: liaison \LEE-uh-zahn\ noun
1 a : a close bond or connection b : an illicit sexual relationship : affair 2 a : communication for establishing and maintaining mutual understanding and cooperation (as between parts of an armed force) b : one that establishes and maintains communication for mutual understanding and cooperation
“This fall, one high school student, who currently serves on the Youth Advisory Board, will formally be appointed as liaison to city council and be participating in city council meetings.” —From an article in the Peoria Times, July 12, 2013
“In February 1967, when she was 5, her mother, Frances, began an extramarital liaison that led to her parents’ acrimonious divorce.” —From an article by Caroline Weber in the New York Times, June 10, 2007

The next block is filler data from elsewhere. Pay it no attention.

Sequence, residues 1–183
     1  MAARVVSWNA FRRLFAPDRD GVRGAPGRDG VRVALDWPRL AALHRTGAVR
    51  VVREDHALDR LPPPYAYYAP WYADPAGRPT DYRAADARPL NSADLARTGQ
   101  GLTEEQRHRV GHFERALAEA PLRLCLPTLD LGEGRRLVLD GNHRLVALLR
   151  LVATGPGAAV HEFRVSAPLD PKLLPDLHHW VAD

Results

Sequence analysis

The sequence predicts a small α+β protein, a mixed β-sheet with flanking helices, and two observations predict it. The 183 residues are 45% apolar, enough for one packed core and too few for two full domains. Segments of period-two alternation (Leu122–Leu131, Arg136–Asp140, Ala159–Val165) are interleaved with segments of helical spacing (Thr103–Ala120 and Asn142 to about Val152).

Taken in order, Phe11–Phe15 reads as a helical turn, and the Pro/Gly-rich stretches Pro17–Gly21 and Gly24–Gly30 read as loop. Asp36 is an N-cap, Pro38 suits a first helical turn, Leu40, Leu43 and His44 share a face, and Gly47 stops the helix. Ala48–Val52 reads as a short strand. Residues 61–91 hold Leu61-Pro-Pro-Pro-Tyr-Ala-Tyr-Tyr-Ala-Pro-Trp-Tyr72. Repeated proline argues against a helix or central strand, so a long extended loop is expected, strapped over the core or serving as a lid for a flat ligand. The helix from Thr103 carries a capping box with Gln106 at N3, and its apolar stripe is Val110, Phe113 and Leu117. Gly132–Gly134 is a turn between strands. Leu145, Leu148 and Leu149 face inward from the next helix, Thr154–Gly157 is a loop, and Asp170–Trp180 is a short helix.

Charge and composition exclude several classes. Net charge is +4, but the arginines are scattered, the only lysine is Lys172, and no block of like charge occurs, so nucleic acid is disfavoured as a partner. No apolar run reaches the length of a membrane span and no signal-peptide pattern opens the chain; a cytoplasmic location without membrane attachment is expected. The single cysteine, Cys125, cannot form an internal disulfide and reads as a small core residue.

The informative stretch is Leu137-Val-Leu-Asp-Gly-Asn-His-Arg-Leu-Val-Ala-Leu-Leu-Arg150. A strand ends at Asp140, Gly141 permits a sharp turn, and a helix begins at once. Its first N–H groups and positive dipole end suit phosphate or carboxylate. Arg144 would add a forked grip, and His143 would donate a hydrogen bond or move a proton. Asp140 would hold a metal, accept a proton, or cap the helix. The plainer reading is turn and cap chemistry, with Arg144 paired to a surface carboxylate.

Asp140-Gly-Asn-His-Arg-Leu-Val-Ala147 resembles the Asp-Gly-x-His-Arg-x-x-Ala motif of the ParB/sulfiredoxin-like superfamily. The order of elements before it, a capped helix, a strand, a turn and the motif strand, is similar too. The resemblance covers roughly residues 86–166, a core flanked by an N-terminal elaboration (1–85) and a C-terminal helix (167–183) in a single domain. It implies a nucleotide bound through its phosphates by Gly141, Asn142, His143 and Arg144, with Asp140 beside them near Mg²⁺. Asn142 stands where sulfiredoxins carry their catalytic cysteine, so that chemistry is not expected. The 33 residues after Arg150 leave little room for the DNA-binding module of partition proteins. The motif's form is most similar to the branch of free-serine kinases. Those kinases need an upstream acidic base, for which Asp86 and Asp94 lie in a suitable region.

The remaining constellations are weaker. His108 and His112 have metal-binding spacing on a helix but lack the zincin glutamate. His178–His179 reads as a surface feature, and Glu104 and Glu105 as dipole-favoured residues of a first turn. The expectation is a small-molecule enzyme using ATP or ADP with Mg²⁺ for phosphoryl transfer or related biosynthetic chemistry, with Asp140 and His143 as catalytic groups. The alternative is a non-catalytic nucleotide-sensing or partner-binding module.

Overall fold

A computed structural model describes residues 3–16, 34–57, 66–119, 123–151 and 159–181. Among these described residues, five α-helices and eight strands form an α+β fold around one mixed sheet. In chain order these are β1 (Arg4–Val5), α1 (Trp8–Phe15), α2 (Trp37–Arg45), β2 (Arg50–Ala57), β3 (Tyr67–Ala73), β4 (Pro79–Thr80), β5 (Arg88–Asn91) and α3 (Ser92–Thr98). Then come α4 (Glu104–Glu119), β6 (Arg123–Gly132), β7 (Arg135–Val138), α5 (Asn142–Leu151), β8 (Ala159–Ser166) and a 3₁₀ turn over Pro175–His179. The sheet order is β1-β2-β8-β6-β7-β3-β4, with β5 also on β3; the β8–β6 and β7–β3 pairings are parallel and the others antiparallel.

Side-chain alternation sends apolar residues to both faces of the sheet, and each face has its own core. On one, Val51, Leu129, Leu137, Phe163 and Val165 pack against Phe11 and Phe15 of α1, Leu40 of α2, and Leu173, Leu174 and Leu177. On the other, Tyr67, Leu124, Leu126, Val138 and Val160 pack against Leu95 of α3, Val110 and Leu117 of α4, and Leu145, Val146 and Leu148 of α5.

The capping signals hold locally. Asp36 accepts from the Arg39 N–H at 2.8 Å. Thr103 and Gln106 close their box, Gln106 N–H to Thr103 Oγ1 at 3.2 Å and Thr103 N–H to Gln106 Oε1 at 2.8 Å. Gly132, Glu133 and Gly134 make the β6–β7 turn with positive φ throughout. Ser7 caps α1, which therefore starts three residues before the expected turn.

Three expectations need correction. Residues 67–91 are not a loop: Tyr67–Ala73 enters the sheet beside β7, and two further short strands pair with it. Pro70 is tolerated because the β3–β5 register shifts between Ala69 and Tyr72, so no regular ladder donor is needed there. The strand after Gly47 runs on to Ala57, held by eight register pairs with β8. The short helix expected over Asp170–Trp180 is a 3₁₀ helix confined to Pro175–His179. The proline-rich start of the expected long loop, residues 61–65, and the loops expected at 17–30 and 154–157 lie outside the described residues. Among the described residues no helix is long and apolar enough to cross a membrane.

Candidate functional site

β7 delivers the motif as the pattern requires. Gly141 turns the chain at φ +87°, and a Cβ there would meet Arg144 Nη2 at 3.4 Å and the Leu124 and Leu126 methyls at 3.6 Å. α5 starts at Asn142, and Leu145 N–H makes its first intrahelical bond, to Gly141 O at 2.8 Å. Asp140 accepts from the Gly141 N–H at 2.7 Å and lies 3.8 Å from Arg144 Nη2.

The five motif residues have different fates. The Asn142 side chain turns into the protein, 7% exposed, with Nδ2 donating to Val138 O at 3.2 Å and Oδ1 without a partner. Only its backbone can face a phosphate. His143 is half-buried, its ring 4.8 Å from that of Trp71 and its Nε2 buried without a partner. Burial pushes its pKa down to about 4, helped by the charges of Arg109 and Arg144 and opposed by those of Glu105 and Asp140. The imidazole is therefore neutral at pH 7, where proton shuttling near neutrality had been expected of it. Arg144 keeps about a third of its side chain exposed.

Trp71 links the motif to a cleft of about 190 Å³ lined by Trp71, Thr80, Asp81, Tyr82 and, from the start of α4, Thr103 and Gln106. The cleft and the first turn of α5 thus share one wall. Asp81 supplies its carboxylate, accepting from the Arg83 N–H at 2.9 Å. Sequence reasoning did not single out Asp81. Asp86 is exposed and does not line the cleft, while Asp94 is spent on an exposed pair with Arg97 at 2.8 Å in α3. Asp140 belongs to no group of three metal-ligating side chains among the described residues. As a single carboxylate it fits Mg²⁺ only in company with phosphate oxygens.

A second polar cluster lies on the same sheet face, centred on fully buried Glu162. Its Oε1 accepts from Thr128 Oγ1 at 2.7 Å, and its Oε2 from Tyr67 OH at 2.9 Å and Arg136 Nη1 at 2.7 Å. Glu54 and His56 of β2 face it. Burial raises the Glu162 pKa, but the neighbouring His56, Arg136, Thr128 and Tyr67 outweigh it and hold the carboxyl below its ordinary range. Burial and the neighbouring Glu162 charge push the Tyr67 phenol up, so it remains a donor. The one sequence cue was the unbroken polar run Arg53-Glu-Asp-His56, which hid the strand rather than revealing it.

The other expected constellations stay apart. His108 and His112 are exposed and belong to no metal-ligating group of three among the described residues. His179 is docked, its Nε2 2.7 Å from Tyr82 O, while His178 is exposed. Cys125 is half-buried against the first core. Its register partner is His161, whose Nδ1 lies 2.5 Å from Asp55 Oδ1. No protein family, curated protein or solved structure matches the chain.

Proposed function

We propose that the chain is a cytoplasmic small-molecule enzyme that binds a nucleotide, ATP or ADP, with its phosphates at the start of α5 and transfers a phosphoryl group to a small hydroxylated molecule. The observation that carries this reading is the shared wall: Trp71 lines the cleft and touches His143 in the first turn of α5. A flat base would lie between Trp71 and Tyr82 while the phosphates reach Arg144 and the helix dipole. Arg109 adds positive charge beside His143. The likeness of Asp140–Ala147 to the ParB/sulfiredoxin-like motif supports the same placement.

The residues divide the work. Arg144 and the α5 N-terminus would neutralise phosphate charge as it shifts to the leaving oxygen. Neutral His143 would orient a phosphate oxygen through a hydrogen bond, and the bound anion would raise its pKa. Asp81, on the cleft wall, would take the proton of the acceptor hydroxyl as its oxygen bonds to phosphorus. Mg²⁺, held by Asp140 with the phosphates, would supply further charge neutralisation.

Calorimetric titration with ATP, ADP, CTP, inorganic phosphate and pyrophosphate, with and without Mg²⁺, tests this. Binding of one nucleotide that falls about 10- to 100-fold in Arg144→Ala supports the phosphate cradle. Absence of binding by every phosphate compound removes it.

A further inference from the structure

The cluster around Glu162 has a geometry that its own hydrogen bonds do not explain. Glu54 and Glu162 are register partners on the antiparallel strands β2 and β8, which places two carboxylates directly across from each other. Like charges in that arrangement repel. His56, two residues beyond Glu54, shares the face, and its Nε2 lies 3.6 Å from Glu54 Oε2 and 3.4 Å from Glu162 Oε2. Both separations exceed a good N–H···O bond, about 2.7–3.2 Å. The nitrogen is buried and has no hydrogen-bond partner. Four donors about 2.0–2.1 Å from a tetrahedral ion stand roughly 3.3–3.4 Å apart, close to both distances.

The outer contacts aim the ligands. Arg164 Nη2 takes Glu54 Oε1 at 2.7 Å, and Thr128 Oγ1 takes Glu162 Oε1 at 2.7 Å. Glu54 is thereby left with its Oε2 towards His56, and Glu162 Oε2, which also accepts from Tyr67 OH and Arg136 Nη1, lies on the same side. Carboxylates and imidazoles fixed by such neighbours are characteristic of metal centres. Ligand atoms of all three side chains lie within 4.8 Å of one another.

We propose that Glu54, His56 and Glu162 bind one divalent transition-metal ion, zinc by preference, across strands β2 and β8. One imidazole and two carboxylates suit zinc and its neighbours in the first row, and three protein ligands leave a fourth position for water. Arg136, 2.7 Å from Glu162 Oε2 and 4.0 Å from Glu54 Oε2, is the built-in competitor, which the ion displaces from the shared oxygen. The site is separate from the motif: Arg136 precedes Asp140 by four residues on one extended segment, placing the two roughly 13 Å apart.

Did you know?
If you took French in school, you might remember that “liaison” is the term for the phenomenon that causes a silent consonant at the end of one word to sound like it begins the next word when that word begins with a vowel, so that a phrase like “beaux-arts” sounds like “bo zart.” We can thank French for the origin of the term, as well. “Liaison” derives from the Middle French “lier,” meaning “to bind or tie,” and is related to our word “liable.” Our various English senses of “liaison” apply it to all kinds of bonds—from people who work to connect different groups to the kind of relationship sometimes entered into by two people who are attracted to one another.